impression monet sunrise
This work was painted from a hotel window at Le Havre in 1873 (Monet later dated it incorrectly to 1872). It was one of the nine works that he showed at the First Impressionist Exhibition of 1874. Of all those displayed there, this is probably the most famous picture, not so much because of any crucial status within Monet’s oeuvre, but rather for the criticism it attracted from the reviewers, which gave rise to the name of the movement. On 25 April, ten days after the exhibition had opened, an article appeared in the satirical journal Le Charivari in which the critic Louis Leroy described a fictitious conversation between two visitors. One of them was a landscape painter who, while looking at this work, exclaimed: ‘Impressionism, I knew it; after all I’m impressed so it must be an impression. What freedom! What ease of workmanship! Wallpaper in its embryonic state is more finished than this seascape!’ The article was entitled ‘The Exhibition of the Impressionists’, and the label stuck thereafter, as well as being used by such other critics of the exhibition as Castagnary.
Despite its notoriety the painting is in some ways untypical of Monet’s own work of this period and of Impressionism more generally. It shows little of the Impressionist treatment of light and color. The colors are very restrained and the paint is applied not in discrete brushstrokes of contrasting colours but in very thin washes. In some places the canvas is even visible and the only use of impasto is in the depiction of the reflected sunlight on the water. The painting is strongly atmospheric rather than analytical and has a spirit somewhat akin to Turner’s works. Nevertheless, it does illustrate particularly well one of the features of Impressionist painting that was thought so revolutionary. The technique is very ‘sketchy’ and would have been seen as a preliminary study for a painting rather than a finished work suitable for exhibition. (Monet himself saw the work as unfinished, and it was for that reason that he adopted the title ‘Impression’ to distinguish it from such works as his other view of Le Havre in the same exhibition, though this too lacks the finish then expected.) In this work Monet stripped away the details to a bare minimum: the dockyards in the background are merely suggested by a few brushstrokes as are the boats in the foreground. The whole represents the artist’s swift attempt to capture a fleeting moment. The highly visible, near abstract technique, compels almost more attention than the subjectmatter itself, a notion then wholly alien to viewers.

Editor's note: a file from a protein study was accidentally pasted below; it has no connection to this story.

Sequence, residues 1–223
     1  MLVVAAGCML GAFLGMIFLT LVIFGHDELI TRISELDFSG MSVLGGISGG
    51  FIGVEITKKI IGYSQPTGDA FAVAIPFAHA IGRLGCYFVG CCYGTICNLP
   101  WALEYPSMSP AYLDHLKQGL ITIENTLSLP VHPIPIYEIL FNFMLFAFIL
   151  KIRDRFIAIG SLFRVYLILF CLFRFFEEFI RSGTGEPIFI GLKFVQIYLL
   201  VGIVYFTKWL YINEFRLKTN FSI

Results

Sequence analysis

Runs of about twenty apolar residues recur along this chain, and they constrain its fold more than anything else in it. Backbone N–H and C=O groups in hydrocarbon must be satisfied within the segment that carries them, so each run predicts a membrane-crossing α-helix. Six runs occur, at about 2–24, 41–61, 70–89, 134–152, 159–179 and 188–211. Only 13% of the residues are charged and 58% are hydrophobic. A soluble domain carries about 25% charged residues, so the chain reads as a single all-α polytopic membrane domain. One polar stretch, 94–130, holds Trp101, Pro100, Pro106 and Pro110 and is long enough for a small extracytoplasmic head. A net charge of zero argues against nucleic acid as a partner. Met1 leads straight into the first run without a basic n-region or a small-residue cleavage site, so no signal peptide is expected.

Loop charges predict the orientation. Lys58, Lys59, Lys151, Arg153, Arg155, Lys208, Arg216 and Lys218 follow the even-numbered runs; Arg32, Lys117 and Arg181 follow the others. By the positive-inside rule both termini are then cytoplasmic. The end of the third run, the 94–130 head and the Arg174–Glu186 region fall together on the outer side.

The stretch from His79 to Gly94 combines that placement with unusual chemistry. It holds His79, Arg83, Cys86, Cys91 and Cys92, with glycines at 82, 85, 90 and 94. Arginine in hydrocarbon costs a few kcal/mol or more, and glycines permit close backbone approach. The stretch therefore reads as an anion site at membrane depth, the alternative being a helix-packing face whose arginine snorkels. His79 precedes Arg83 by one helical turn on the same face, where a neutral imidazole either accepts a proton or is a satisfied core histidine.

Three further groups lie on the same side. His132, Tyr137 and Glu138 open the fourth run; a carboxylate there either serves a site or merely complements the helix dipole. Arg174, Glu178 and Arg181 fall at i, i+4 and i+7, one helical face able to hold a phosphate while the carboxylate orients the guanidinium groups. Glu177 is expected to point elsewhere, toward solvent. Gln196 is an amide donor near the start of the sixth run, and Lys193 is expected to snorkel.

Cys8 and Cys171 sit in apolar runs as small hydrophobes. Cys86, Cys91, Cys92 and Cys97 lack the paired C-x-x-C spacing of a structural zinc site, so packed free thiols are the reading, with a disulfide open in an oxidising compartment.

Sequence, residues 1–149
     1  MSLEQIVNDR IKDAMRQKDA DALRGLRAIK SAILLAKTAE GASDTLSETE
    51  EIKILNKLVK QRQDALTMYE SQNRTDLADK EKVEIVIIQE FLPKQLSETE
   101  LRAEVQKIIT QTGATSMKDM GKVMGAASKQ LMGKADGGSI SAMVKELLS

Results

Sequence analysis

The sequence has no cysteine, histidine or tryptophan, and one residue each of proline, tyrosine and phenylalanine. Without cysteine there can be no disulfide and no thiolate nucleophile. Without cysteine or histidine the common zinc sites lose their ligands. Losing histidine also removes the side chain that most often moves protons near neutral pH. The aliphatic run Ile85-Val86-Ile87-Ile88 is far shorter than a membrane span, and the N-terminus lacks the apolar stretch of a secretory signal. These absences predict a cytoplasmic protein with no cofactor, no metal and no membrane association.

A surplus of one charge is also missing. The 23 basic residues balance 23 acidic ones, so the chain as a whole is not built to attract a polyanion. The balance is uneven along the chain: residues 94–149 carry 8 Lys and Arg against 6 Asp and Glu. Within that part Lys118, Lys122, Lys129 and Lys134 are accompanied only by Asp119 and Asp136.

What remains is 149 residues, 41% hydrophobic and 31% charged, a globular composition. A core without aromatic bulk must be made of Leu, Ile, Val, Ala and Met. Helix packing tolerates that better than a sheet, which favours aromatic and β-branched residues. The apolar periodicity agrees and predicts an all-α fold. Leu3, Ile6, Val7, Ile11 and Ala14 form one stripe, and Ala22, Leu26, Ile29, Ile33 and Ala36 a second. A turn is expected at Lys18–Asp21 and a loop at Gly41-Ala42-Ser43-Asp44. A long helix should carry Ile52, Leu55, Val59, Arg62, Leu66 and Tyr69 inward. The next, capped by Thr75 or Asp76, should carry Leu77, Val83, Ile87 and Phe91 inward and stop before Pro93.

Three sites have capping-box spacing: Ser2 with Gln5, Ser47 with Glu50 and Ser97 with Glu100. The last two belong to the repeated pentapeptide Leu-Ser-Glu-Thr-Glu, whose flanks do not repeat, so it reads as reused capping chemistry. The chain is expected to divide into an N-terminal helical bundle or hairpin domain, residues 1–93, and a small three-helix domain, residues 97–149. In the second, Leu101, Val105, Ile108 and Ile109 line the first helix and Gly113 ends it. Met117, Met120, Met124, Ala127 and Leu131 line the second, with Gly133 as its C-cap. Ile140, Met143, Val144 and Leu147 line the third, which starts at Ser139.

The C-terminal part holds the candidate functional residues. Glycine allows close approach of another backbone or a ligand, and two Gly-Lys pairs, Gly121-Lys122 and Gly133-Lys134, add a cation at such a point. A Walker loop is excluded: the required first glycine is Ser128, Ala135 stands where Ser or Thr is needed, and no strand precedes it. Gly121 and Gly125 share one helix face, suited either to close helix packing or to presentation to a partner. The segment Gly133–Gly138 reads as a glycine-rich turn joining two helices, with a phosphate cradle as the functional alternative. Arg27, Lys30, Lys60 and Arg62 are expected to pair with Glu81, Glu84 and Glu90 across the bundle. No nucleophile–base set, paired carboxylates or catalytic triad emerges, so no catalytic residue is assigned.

Water Lilies series (1897-1926) various art museums.
Monet painted more than 250 landscapes of his water garden at Giverny.
The Water Lily Pond: Green Harmony (1899) Musee d’Orsay.
One of a series of eighteen views of Monet’s Japanese style bridge.
The hazy scene of Impression, Sunrise strayed from traditional landscape painting and classic, idealized beauty. Paul Smith suggested that with this style, Monet meant to express “other beliefs about artistic quality which might be tied to the ideologies being consolidated by the emergent bourgeoisie from which he came.”  Loose brush strokes meant to suggest the scene rather than to mimetically represent it demonstrate the emergent Impressionist movement. In the wake of an emergent industrialization in France, this style expressed innovative individuality. Considering this, Smith claims that “Impression, Sunrise was about Monet’s search for spontaneous expression, but was guided by definite and historically specific ideas about what spontaneous expression was.” 
However, this idyllic perspective of the exhibition was not the view of all critics. Louis Leroy, for Le Charivari, is often quoted in his review on Monet’s work. His article “The Impressionist Exhibition” is written as a dialogue from the imaginary perspective of an old-fashioned painter, shocked at the works of Monet and his associates:
This famous painting, Impression, Sunrise, was created from a scene in the port of Le Havre. Monet depicts a mist, which provides a hazy background to the piece set in the French harbor. The orange and yellow hues contrast brilliantly with the dark vessels, where little, if any detail is immediately visible to the audience. It is a striking and candid work that shows the smaller boats in the foregrouna almost being propelled along by the movement of the water. This has, once again, been achieved by separate brushstrokes that also show various colors “sparkling” on the sea.
A critic who attended the exhibition, M. Louis Leroy, wrote a now famous article in Le Charivari in which he used the term “Impressionist” based on the title of this painting. Despite the fact that Leroy had used the word derisively, the group decided to adopt it and painters such as Renoir and Degas were happy to be called Impressionists
Claude Monet, “Impression Sunrise,” 1872 (Photo: Wikimedia Commons Public Domain)
Impression, Sunrise takes Monet’s interest in light, color, and spontaneity to new heights. As with his other works in the series, the artist opted to focus on the sunlight’s ephemeral effects on the water. While the hazy silhouettes of rowboats, ships, and smokestacks are evident in the composition, the emphasis is mostly on the breaking sunlight and its undulating reflections.